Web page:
As the penetration of water or the existence of moisture in cross-linked polyethylene (XLPE) cables is an “unacceptable problem” associated with the life span of certain cables, especially under the influence of high electrical stresses, longitudinal waterblocking is an appropriate means of protection for medium-voltage XLPE cables which may experience water ingress as a result of poor handling during installation or damage over its life, says local power cable manufacturer Aberdare Cables.
“Waterblocking, which is the prevention of water spreading along the cable, as well as between the elements of the cable, is achieved by filling the free space within the cable with waterblocking materials,” Aberdare Cables chief engineer Antony Falconer explains.
When water penetrates through a cable’s damaged outer sheath, the waterblocking materials will start blocking against longitudinal water and moisture ingress, by absorbing the moisture.
In longitudinal waterblocking, water is prevented from progressing along the cable length, normally to a distance of less than 1.5 m from the point of entry, under defined test conditions, along any of the layers that make up the cable construction. These layers include the conductors, insulation, metallic screens, laid up cores and armouring, Falconer explains.
Further, he highlights that waterblocking is viewed as a pre-emptive measure, which allows a segment – about 3 m in length – of water-contaminated cable to be isolated and removed after an incident, without water being allowed to spread further along the cable.
Aberdare Cables manufactures medium-voltage XLPE cables with special waterblocking features, and offers full longitudinal waterblocking as an additional feature on these products.
Falconer adds that the “use of tapes and yarns was found to be the most appropriate method of waterblocking from a manufacturing and an application perspective”.
“The company conducts materials selection tests, product trials supported by internal water penetration testing and heat cycling tests, which lead to enhanced designs that are industrialised and type-tested before the product is offered on the market,” Falconer says.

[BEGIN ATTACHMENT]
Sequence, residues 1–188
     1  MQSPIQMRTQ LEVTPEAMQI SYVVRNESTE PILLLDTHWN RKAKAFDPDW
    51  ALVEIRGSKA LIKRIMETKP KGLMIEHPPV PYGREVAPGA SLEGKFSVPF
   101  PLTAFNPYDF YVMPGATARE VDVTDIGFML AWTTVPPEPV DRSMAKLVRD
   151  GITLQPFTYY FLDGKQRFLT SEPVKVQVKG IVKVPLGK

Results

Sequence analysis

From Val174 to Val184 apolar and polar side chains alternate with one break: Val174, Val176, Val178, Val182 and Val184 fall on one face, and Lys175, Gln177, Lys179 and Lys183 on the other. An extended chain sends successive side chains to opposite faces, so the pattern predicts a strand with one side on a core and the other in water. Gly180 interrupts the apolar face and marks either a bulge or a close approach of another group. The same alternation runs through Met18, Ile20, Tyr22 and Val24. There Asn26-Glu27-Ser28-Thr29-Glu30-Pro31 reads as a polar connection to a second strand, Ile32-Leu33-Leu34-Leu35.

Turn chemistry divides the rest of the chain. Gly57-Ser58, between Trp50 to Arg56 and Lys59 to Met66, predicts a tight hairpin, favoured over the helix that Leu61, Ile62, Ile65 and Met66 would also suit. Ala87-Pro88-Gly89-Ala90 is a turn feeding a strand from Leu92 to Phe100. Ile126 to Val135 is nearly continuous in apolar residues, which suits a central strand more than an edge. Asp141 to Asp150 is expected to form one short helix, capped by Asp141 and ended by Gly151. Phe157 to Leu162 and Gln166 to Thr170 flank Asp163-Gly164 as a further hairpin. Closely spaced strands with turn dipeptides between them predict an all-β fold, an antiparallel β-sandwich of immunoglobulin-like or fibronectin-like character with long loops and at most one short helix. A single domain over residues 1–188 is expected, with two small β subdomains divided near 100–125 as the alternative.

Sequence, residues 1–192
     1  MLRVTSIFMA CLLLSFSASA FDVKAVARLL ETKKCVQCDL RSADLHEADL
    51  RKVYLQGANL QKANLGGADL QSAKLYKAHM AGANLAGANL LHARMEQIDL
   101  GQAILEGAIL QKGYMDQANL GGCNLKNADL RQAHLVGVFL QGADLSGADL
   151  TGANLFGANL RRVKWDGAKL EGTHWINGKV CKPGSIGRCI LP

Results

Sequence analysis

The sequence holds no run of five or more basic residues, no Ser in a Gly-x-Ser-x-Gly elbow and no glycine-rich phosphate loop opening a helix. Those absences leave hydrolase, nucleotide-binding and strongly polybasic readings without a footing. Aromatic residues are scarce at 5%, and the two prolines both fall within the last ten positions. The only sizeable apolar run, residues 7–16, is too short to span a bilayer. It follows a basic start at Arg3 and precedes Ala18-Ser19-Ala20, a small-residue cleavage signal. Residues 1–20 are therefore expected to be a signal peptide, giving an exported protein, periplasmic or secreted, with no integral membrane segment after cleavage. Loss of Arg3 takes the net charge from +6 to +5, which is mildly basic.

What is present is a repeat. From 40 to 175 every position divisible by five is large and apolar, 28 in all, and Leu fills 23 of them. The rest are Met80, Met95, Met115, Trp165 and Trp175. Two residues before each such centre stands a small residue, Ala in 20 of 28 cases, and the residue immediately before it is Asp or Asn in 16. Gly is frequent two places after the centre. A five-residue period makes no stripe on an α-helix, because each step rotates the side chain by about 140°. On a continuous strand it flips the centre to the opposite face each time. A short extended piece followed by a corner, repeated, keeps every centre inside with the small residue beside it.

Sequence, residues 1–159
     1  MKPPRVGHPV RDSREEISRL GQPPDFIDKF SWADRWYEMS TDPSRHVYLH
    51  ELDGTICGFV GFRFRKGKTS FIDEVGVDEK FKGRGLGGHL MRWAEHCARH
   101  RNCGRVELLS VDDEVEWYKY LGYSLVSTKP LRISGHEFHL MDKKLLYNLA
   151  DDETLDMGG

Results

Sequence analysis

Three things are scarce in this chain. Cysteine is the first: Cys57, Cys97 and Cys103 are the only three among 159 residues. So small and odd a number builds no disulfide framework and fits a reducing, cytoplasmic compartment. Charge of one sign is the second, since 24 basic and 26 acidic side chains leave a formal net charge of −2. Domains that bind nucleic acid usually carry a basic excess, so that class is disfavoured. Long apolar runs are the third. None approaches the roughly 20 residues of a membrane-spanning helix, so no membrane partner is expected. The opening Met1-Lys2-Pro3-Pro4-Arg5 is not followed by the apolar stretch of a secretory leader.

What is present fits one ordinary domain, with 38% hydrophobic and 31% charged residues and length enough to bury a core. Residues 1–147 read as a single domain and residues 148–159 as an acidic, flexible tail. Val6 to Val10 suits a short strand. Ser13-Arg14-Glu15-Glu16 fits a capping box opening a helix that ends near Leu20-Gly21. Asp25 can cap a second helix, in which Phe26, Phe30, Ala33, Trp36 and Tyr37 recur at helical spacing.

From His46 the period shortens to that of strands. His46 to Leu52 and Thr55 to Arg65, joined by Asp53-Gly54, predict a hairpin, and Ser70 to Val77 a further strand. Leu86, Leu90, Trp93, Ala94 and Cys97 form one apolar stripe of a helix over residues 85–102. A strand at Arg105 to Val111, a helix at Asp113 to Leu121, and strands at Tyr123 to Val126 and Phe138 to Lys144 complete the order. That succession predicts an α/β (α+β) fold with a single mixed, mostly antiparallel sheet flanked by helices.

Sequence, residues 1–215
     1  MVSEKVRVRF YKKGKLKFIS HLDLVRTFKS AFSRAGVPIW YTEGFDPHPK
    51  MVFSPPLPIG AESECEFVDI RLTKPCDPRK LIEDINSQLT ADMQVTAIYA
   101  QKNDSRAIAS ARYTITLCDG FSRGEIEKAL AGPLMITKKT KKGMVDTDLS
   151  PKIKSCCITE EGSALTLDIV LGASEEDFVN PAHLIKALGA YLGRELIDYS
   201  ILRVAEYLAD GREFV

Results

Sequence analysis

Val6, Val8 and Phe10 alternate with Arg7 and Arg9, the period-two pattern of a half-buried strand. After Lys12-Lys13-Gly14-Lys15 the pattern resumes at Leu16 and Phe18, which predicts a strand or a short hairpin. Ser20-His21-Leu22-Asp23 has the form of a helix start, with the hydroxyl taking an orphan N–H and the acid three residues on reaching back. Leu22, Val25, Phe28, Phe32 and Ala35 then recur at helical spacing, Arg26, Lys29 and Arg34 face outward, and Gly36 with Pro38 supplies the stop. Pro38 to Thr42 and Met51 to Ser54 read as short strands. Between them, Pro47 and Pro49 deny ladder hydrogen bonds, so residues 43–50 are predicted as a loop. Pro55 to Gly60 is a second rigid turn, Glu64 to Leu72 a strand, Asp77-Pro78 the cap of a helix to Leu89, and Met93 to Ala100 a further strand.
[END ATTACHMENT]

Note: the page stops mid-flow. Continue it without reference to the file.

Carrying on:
Further, the company is believes that the accelerated ageing test, prescribed in SANS 1339, is the most appropriate measure to evaluate cable materials, manufacturing processes and design in one product test for water treeing – a region of reduced insulation strength, and the only known chemical ageing process for XLPE insulation materials-related failure.
Increased Cable Reliability
“Medium-voltage XLPE cables form a vital link in an electrical distribution system and a large number of electrical users are dependent on these links, by virtue of the high power transfer capability of these cables.
“With an electrical utility measured by the reliability of its distribution network, major effort is normally expended in the selection of equipment, commissioning tests and preventative maintenance practices to ensure that these systems are and remain reliable,” he says.
Full longitudinal water blocking provides engineers with the means to build reliability into their distribution system, which is expected to continue operating in a fault-free manner for decades, he adds.
“A medium-voltage XLPE cable, which is kept free of water, will provide reliable service when manufactured using quality materials and proven processes, qualified by accelerated ageing tests to SANS 1339, installed without damage to the cable, when operated under conditions for which it is designed and qualified by type testing.
“Such well manufactured and qualified cables will have a low risk in the formation of water trees leading to insulation failure, in the presence of water,” he says, adding that waterblocking will prevent corrosion damage to cable components such as the metallic screens and armouring.
Falconer notes that local demand for these cable designs increased with the adoption by one large electrical utility, adding that a second major utility is also soon to introduce water blocked 6.35/11 kV and 12.7/22 kV cable as a standard.
“Further, we are expecting a step-wise increase in demand as more utilities consider adopting this design feature,” Falconer concludes.